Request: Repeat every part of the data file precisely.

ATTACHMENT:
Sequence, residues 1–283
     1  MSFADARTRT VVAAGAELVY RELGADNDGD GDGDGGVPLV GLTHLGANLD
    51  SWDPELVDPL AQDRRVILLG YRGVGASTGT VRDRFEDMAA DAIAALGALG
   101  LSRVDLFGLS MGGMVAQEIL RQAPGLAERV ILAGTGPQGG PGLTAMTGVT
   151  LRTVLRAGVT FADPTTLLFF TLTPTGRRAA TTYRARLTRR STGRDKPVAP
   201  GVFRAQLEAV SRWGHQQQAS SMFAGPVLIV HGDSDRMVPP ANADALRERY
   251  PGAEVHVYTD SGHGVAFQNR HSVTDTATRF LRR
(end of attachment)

Sequence, residues 1–283
     1  MSFADARTRT VVAAGAELVY RELGADNDGD GDGDGGVPLV GLTHLGANLD
    51  SWDPELVDPL AQDRRVILLG YRGVGASTGT VRDRFEDMAA DAIAALGALG
   101  LSRVDLFGLS MGGMVAQEIL RQAPGLAERV ILAGTGPQGG PGLTAMTGVT
   151  LRTVLRAGVT FADPTTLLFF TLTPTGRRAA TTYRARLTRR STGRDKPVAP
   201  GVFRAQLEAV SRWGHQQQAS SMFAGPVLIV HGDSDRMVPP ANADALRERY
   251  PGAEVHVYTD SGHGVAFQNR HSVTDTATRF LRR